SPIRALS by William Patrick

SPIRALS

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KIRKUS REVIEW

An intriguing but highly uneven bio-medico-horror thriller--starting strong with DNA-research scares, then drifting into poorly paced flashbacks, and winding up in hysterical, murky mad-scientist melodrama. Peter McKusick, M.D. and Ph.D., is doing interferon research at the half-academic/half-commercial research lab on the Harvard U. campus circa 1980; he lives with three-year-old daughter Kitty--apparently the offspring of McKusick's affair with anthropologist Kathleen, who was killed in an accident when they were both doing research in Colombia. (Kitty resembles Kathleen in amazing detail.) And when Kitty starts to become mysteriously ill, the local anti-Harvard forces (who have always protested about the dangers of DNA research) claim that she has picked up a nasty bug in her father's lab. But is there some other possible reason for Kitty's illness? And why has McKusick kept her existence secret from the dead Kathleen's father Lee Albriton? Well, the answers are then hinted at in a long flashback to 1976 Colombia: Kathleen is studying primate infanticide (a detailed digression that's only tangentially relevant); McKusick is getting chummy with renegade biologist Jack Stasson, who has an enigmatic wife and freakishly precocious son; Kathleen is killed in a car crash. But the Truth (which many readers, including Ira Levin, will guess at early on) only emerges in the novel's hectic final section--as McKusick rushes the dying Kitty to Colombia for a gene transfer operation; the pursuing Albriton violently interrupts the surgery, bringing Kitty back to a Boston hospital, where she soon withers into ""senile miosis""; and the wounded, crazed McKusick still madly tries to repair Kitty's wayward genes (the result of her bio-tech, artificial conception). . . before himself dying a DNA-related death. First-novelist Patrick has a good many promising bio-thriller ingredients here; his scene-by-scene narration is smoothly readable, especially in the father/daughter charm of the opening chapters. Unfortunately, however, his storytelling, seemingly assured at first, is soon revealed to be largely amateurish: the supposed Big Secret of Kitty's origin is kept hidden at the cost of pace, credibility, and character; subplots appear, then trickle away. And, perhaps most crucially for the genre, the science arrives too much and too late, in sudden little chunks of indigestible technologese. With forceful editing, then, this might have been topnotch medical suspense. (Ironically, Patrick is himself an editor--in the strong Science and Medicine division of Harvard U. Press.) As it is, it's a disappointing hybrid--but readers drawn in by those engaging first chapters may find enough arresting moments along the way to keep them steadily engrossed, if far from steadily satisfied. (For DNA thrills, Desmond Bagiey's The Enemy remains the unchallenged standout.)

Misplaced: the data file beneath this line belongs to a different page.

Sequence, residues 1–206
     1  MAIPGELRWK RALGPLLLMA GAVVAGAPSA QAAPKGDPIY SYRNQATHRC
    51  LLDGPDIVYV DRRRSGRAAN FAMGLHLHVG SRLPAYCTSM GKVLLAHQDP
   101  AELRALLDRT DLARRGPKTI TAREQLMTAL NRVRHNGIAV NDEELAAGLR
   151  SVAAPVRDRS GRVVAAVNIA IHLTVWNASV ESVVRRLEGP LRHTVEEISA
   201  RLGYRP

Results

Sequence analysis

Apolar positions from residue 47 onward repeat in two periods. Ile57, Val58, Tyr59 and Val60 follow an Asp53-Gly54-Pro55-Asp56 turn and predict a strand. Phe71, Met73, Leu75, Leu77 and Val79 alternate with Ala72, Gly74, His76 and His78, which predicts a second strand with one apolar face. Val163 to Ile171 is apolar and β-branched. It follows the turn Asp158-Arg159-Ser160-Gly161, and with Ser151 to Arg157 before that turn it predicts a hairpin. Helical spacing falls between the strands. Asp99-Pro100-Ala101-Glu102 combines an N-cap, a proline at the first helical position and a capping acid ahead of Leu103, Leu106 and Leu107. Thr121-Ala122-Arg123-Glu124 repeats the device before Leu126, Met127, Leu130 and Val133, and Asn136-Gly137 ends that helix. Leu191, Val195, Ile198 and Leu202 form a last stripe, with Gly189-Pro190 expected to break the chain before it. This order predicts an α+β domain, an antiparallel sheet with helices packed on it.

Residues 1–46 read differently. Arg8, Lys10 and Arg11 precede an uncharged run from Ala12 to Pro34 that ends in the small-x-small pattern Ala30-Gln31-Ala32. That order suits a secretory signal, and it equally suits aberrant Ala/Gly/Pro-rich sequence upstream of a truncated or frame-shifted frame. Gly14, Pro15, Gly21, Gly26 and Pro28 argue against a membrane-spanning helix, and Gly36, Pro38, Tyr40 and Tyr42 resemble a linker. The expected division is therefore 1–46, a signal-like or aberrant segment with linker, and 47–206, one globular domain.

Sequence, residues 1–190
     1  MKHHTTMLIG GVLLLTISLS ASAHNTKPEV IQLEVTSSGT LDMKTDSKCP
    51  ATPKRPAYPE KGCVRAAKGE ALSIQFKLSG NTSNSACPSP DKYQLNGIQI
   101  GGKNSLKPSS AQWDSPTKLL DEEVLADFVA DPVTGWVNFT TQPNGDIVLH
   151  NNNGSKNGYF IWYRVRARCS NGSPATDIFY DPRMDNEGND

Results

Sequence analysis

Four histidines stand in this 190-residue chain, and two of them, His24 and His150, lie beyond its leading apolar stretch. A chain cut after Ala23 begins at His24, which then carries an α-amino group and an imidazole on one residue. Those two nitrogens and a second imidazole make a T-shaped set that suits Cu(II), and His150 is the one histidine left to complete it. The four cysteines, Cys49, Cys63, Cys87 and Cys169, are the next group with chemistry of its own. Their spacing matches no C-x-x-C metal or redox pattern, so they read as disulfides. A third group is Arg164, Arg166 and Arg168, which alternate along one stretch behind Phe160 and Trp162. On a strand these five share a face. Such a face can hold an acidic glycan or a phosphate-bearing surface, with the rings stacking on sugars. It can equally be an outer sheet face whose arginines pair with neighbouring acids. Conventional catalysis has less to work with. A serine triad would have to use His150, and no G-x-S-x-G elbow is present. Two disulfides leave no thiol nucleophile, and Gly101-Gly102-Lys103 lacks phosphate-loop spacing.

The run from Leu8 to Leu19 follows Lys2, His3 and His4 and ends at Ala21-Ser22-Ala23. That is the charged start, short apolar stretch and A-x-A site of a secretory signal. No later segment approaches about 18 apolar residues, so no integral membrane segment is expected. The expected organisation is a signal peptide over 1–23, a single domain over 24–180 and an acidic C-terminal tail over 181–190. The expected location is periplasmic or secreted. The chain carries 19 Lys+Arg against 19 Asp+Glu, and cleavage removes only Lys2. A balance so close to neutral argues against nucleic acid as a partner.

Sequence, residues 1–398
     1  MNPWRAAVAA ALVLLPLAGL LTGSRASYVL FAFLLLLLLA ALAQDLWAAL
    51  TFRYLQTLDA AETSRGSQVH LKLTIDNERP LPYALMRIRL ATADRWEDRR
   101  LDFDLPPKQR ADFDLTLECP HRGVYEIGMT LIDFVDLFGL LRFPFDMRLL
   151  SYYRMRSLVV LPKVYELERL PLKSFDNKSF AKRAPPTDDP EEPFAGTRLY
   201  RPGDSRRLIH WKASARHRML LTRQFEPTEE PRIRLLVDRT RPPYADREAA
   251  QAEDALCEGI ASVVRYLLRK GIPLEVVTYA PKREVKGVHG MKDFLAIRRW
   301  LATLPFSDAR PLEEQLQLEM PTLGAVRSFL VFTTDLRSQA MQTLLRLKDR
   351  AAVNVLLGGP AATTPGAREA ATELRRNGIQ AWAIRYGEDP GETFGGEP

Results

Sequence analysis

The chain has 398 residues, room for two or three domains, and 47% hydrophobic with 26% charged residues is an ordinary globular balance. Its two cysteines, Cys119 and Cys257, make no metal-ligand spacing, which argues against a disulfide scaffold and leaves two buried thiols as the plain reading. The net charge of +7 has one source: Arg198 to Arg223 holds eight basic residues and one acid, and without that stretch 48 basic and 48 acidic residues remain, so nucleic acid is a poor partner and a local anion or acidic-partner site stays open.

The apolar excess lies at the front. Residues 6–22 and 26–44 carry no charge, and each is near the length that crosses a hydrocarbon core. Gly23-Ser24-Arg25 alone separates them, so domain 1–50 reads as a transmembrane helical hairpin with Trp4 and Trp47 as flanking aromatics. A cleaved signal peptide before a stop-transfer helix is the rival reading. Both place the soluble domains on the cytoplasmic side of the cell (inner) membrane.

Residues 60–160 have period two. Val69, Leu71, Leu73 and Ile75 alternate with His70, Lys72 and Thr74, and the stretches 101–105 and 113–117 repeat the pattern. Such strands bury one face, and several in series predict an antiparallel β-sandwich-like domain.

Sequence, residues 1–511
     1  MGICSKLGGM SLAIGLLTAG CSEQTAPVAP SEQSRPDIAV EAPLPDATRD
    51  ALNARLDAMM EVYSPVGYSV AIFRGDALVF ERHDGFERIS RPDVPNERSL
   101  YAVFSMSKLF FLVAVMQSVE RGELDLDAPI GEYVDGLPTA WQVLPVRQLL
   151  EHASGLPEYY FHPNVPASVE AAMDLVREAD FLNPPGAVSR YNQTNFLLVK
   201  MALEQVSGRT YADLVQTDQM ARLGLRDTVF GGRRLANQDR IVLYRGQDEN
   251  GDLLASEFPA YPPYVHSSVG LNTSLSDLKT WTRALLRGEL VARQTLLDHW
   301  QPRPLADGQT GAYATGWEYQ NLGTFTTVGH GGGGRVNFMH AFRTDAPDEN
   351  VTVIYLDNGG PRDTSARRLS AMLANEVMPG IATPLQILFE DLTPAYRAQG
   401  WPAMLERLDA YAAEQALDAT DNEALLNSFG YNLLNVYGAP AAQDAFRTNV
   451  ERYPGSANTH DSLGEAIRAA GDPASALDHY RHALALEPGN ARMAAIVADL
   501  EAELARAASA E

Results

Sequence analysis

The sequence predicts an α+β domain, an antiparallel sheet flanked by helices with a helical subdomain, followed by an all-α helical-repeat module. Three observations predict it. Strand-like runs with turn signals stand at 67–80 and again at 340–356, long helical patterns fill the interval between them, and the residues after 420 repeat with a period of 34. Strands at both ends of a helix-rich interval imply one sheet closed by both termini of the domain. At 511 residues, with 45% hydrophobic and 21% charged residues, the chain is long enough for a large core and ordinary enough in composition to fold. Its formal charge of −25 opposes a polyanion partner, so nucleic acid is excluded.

Pub Date: Aug. 31st, 1983
Publisher: Houghton Mifflin